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WD9EWK's 19 April road trip (long)


I haven't done a road trip like I did on Saturday in a long time.
I woke up early, left Phoenix before sunrise (5am local/1200 UTC),
was part of an event with a radio club 90 minutes north of the city, 
and then proceed to put a bunch of miles (456.5 miles/734km) on my 
truck.  In all of this, I was able to park in 4 different locations, 
putting a total of 4 different grids on the air during 4 AO-51 and 
2 AO-27 passes and making a total of 65 QSOs with stations in the 
continental USA, Canada, Mexico, and Alaska.  Through my fuel
purchases, I also made a small boost in the economies of some 
oil-producing countries.  

The primary reason for the trip on Saturday was to help the Yavapai
Amateur Radio Club with their activity at an event in Prescott AZ, 
about 100 miles/160km north of Phoenix.  I added to that a loop 
through northern Arizona that would allow me to operate from 4 
different grids, and in particular put a couple of unusual (for 
satellite ops) grids on the air: DM35 and DM45.  These two grids
in northern Arizona are rarely on the satellites, unless someone 
driving on I-40 decides to stop and work passes from up there.
I can probably count on one hand the number of passes I've heard
stations from both of these grids in the last 2+ years.  

First stop... 1410 UTC, about 85 miles/137km north of Phoenix, 
west of the I-17 freeway in grids DM34xm and DM44am at 4455 feet
(1358m) elevation:


This was a pass to my east, and the only time I would be on the
air from DM44 during the day.  Lots of activity, and I was able 
to log contacts with 12 stations in Canada, Mexico, and the US.
I have operated from this spot off and on in the past year, and
this time I had an "audience" - some cattle, roaming through this
field just inside the Prescott National Forest.  In this area, the
national forest has very few trees.  It is more high desert than 
forested area.  

After this pass, I made the 30-mile/50km drive west to Prescott.
The event I was helping with would be in the public library in 
downtown Prescott, grid DM34sm:


The event was only for 2 hours, between 10am and 12 noon (1700-
1900 UTC), and its location on a hill prevented me from working
any eastern passes unless the satellites were above 40 or 45 
degrees elevation.  I was able to do a demonstration on one AO-51
pass to the west at 1548 UTC, logging contacts with 9 stations 
from Alaska to Mexico.  The event, primarily focused on astronomy,
was a good one.  The Yavapai Amateur Radio Club had a table with 
general information on amateur radio including details of a local 
school's SAREX contact in 1994 and another table with information 
on radio astronomy, along with my table with satellite-related 
information.  Thanks to Ray W1OTH, Terry KB7TRE, Bob WB6ODR, and 
the others with the radio club and the Prescott Astronomy Club for 
your assistance.  

After the event wrapped up, I grabbed some lunch and drove 35 
miles/56km north to a spot east of Arizona route 89 in grids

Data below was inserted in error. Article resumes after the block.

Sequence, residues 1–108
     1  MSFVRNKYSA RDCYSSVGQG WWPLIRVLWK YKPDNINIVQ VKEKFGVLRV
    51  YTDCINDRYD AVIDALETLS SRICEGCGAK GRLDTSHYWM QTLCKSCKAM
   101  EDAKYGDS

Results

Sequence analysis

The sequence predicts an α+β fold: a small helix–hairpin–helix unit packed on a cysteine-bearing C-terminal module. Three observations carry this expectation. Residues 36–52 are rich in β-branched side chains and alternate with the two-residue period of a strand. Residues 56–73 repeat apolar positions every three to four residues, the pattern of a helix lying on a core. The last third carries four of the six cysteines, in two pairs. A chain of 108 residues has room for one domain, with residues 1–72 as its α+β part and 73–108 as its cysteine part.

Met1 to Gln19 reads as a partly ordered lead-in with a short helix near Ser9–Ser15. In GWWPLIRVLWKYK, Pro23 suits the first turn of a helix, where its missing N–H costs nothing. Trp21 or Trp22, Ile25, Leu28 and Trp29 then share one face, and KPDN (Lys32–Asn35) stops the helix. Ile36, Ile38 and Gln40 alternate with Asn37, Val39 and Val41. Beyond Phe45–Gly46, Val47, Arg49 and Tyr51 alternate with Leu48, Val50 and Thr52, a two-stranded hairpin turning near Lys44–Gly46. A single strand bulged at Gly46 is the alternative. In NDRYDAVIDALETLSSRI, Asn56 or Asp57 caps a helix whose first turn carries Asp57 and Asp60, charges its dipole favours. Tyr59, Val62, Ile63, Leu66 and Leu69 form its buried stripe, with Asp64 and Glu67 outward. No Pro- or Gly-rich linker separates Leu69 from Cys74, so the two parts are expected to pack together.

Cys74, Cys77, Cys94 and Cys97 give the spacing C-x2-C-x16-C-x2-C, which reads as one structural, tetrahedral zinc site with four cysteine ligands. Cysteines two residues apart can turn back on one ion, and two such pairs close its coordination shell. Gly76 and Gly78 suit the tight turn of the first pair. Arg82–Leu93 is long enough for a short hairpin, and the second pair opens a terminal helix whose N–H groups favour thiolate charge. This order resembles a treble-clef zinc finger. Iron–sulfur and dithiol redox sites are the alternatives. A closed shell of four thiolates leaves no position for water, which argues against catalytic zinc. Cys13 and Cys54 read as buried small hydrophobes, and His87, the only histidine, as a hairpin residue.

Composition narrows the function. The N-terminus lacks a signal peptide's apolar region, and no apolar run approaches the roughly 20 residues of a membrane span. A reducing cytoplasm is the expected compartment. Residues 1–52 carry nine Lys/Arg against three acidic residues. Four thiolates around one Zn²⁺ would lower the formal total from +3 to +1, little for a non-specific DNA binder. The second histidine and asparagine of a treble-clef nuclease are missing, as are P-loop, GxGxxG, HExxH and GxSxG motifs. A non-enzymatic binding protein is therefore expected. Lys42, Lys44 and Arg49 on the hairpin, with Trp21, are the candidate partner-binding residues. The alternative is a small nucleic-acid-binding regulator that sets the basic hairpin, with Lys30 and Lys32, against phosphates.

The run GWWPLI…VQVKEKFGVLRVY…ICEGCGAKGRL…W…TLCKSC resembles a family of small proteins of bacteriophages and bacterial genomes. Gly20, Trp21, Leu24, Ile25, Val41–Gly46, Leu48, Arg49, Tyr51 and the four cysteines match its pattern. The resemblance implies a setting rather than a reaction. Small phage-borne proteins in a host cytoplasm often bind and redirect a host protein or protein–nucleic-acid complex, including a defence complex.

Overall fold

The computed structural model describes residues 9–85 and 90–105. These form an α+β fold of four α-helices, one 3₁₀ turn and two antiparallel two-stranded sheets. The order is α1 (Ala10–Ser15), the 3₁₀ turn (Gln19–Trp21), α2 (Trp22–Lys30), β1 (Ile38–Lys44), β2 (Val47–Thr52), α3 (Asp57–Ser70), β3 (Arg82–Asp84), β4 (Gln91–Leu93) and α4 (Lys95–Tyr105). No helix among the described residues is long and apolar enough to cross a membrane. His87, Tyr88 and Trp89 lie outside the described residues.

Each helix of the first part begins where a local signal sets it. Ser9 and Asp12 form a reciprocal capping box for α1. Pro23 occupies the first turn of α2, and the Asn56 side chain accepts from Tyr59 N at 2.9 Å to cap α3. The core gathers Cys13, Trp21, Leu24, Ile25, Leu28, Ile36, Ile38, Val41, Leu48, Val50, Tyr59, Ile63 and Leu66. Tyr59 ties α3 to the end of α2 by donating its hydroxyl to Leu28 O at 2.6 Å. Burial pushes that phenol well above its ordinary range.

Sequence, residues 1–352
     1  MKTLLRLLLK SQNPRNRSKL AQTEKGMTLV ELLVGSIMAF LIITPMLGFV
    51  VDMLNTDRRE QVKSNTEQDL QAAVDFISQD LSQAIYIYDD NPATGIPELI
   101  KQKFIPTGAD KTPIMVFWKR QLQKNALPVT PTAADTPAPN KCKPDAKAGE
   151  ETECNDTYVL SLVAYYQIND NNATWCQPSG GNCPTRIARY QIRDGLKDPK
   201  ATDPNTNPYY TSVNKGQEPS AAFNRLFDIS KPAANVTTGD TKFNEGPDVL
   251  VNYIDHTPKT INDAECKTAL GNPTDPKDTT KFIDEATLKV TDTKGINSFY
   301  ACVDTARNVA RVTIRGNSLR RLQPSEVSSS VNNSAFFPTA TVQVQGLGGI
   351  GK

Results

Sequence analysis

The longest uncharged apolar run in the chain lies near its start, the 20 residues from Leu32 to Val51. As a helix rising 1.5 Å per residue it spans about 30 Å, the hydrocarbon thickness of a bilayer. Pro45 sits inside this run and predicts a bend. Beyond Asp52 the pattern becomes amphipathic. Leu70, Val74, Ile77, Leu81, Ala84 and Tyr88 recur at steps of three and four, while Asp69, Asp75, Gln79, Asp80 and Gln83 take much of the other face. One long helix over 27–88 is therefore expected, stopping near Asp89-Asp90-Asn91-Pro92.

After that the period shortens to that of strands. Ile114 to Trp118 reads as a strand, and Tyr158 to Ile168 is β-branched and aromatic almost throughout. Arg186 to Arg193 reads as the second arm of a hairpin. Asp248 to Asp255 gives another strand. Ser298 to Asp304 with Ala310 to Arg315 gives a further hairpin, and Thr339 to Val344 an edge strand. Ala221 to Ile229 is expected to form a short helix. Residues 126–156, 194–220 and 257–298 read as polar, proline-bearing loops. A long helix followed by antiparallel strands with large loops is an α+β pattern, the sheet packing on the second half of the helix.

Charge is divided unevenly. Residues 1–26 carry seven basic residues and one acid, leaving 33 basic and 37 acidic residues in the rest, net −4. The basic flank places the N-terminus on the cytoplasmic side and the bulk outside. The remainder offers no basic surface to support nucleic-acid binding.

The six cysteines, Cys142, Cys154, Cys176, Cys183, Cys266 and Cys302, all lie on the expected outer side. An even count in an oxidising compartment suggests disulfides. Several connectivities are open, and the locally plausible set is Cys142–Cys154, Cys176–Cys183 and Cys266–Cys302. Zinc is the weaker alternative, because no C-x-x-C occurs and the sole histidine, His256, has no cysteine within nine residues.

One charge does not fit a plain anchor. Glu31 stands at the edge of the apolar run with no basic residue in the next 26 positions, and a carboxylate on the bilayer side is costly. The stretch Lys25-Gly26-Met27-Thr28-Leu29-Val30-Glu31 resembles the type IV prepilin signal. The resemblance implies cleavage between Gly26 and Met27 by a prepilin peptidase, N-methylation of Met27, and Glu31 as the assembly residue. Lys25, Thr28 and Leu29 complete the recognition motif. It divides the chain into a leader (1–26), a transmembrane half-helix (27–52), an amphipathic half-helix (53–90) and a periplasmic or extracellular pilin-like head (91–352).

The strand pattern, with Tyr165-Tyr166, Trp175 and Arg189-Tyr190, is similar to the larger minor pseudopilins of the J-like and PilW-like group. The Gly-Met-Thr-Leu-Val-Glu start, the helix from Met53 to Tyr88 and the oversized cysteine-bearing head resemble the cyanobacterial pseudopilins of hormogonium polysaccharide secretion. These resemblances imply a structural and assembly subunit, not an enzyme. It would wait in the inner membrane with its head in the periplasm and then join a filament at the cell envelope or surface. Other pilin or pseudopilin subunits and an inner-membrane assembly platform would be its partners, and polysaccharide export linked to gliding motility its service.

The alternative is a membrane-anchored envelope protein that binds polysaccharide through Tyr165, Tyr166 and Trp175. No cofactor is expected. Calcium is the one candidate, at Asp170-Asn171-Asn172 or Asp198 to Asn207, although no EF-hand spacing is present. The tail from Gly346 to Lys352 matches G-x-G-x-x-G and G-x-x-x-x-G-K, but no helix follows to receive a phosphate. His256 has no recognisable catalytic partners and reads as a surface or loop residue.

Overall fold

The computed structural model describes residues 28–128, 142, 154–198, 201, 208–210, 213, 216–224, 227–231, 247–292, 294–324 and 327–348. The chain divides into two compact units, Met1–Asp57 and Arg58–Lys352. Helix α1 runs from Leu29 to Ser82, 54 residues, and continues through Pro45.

DM34tx and DM35ta near Drake AZ (25 miles/40km south of Ash
Fork and the I-40 freeway):


This was a very nice spot, again just inside the Prescott 
National Forest in the high desert (4735 feet/1443m elevation,
per my GPS receiver).  I had a great view of the sky in all 
directions, no hassles from people driving on the road, and was 
able to work a pair of AO-27 passes.  I made 10 QSOs on the 2121 
UTC pass to the east, and 8 more on the 2302 UTC pass to the west.   

After those passes, it was time to pack up my stuff and move on
to the last spot I wanted to reach.  After a 45-mile/72km drive
I reached a spot on old US 66 west of Parks AZ in grids DM35xg
and DM45ag:


No more high desert here.  I was in the Kaibab National Forest,
and this actually looked like a forest with lots of tall trees.
I had gone up in elevation, up to 7128 feet/2173m.  I had almost 
90 minutes before the first AO-51 pass of the evening, so I tried 
to find a good spot that would still put me on the DM35/DM45 
line away from the road.  No luck with that, so I parked on the
side of the road and prepared for the first pass.  

When I started to hear the satellite come up from the southeast,
it was already jammed with stations from all over the USA and 
Mexico.  Despite the crowd, I was able to make quick contacts with
15 different stations during the 0120 UTC pass.  Between that pass
and the 0259 UTC pass to the west, I drove around the area again
to see the sights while there was still sunlight.  I returned to 
the same spot for the 0259 UTC pass, and made 11 more contacts with
stations from Mexico up to Alaska to wrap up my satellite operating
for the day.  After I dismantled my station, I drove to Flagstaff 
for dinner.  Then a quick look around that city, before driving down 
the I-17 freeway to go home.  

If anyone who worked me Saturday wants a QSL card for the contact(s), 
please e-mail me.  If I already have a QSL card from an earlier 
satellite QSO with you, there's no need to send me another card.  If 
we have not worked before, I would appreciate receiving your QSL card.  
If you didn't work me and would like to hear DM35, DM45, or some other 
unusual grids in Arizona on future satellite passes, there will be 
other opportunities as summer approaches.


Patrick WD9EWK/VA7EWK 

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